Childress has bent quite a bit from his "my way or the highway" demeanor out of necessity during the Brett Favre Era. He hopefully entered into that marriage in 2009 knowing he would have to be flexible; if he didn't, he quickly learned. But while Favre might be a master manipulator who takes subtle shots at the state of affairs off the field -- nothing as frontal as Moss, but still notable -- the effort he brings between the lines is one thing that should never be questioned. Love or hate Favre for the drama he seemingly adores -- again, both on and off the field -- he is the ultimate competitor (as cliched as that sounds, it's true). At the end of the day, that has to mean a lot to Childress.
Moss, of course, is not like that. He loves to win, but he drifts. When things aren't going his way, he doesn't double his effort. He cuts it in half. The replays from New England didn't lie. When he was double-covered and jammed at the line, he was coming off the ball at less than full speed. On the single-coverage play where he finally beat his man and drew pass interference, he jogged through the rest of his route and probably cost the Vikings a TD on the play (one, mind, you, that would have saved Favre from getting knocked out from a blow to the chin a couple plays later).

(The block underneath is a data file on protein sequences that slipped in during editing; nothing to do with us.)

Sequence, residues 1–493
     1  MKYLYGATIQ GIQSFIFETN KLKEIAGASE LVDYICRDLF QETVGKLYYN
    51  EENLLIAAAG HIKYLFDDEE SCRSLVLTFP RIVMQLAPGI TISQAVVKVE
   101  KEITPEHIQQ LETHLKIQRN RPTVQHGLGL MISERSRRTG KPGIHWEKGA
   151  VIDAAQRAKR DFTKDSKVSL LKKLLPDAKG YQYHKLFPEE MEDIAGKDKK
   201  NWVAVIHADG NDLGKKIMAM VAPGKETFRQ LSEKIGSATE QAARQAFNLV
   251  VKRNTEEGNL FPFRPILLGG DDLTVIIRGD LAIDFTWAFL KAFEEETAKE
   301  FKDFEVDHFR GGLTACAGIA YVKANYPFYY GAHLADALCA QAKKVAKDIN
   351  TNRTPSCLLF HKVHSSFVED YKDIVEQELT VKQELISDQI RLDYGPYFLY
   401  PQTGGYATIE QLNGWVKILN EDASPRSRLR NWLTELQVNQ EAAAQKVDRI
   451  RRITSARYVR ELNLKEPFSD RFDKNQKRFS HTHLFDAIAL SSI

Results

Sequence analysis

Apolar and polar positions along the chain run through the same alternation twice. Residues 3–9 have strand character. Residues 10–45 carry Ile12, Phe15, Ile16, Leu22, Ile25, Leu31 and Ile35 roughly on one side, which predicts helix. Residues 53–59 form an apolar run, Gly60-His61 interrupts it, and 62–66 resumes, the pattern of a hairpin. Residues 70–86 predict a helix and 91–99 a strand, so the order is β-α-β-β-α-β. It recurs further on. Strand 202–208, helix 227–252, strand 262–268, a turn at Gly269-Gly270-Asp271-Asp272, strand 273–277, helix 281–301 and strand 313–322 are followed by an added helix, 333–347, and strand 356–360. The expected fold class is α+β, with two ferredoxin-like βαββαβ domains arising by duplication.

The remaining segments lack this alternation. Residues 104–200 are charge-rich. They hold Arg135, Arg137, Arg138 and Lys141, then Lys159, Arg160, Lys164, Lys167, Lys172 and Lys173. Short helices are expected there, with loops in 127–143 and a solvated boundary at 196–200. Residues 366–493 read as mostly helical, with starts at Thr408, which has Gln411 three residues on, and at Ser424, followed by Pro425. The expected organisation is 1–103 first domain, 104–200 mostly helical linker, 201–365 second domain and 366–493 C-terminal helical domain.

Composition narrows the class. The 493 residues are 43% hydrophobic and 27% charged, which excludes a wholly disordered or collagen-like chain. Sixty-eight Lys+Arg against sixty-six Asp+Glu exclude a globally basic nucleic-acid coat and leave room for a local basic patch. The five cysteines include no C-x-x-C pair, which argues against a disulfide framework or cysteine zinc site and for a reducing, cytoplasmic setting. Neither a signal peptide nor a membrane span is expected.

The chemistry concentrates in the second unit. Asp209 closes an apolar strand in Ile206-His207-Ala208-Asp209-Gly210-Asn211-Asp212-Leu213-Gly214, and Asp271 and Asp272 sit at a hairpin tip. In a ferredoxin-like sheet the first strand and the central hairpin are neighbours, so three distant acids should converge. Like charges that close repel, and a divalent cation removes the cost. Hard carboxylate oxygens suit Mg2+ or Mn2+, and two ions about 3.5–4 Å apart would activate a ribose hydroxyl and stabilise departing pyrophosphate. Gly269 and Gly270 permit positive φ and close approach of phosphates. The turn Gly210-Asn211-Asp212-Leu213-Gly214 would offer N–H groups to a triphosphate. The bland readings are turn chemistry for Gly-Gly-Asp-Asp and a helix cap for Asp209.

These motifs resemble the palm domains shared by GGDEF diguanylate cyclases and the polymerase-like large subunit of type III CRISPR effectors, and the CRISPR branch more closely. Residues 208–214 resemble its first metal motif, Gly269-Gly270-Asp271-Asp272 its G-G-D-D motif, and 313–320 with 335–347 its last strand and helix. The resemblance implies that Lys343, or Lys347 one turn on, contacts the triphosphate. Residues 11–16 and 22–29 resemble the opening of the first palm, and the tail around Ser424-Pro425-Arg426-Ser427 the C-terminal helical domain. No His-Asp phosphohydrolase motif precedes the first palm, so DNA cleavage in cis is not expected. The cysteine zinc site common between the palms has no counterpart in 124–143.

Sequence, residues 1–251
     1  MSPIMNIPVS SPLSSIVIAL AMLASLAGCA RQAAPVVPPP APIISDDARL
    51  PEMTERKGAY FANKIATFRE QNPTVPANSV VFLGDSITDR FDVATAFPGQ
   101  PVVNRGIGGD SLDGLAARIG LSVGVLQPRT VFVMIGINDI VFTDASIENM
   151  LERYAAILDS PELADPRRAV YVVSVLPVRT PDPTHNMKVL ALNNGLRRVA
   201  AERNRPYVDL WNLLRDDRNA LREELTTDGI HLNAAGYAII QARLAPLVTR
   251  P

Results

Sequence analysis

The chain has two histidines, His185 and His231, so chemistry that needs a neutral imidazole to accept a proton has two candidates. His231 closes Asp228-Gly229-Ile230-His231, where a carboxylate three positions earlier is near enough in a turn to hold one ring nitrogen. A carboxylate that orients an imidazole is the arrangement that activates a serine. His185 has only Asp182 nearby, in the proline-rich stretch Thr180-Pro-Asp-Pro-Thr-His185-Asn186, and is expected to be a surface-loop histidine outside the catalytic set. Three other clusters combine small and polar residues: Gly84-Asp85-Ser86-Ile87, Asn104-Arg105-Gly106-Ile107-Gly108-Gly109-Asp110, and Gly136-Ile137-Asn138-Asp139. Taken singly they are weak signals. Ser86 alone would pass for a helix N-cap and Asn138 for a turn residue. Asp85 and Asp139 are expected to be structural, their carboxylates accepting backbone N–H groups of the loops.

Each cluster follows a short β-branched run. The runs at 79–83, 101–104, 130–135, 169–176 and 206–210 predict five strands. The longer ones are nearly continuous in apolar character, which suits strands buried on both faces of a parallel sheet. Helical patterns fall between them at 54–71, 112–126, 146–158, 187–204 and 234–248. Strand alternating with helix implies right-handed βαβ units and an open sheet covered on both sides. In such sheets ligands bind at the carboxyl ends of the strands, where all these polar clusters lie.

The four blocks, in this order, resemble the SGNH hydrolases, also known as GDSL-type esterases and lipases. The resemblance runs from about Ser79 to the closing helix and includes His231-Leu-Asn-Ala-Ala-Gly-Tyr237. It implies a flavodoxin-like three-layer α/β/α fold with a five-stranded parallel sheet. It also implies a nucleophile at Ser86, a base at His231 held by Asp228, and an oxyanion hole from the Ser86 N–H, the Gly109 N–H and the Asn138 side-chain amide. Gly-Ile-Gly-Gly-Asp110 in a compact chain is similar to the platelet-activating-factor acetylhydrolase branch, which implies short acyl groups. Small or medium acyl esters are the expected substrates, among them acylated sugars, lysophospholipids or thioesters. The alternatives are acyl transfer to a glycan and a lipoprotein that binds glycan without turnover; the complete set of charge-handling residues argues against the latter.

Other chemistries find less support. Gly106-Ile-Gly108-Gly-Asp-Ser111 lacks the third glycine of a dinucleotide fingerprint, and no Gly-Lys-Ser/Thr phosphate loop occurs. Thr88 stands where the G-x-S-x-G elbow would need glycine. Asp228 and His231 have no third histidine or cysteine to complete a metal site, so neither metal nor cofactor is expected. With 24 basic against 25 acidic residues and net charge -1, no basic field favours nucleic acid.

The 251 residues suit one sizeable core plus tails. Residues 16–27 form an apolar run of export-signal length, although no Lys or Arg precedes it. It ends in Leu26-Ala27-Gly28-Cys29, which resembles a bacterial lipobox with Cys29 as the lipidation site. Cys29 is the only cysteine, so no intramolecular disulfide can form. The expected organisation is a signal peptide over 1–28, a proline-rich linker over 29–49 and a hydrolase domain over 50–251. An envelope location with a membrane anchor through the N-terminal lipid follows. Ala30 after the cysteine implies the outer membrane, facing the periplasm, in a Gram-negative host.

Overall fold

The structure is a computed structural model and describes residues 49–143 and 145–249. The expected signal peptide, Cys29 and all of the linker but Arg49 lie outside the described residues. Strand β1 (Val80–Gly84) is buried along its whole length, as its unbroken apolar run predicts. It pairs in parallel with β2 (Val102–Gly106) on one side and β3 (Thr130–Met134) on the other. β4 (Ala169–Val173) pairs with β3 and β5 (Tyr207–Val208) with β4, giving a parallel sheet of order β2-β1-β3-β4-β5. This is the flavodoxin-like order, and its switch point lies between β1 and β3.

The Sunday post-game stuff surely couldn't have helped. But we're guessing that if Childress saw Moss play with a passion equal to the love he seemingly had for the Patriots in that rambling diatribe, No. 84 would still be in purple. Should Childress have known all these things about Moss when he brought him in? Of course. The more you think about it, the more you realize it was just a poor fit from the start. Now it's over, and time will tell if releasing him was a better or worse idea than signing him in the first place.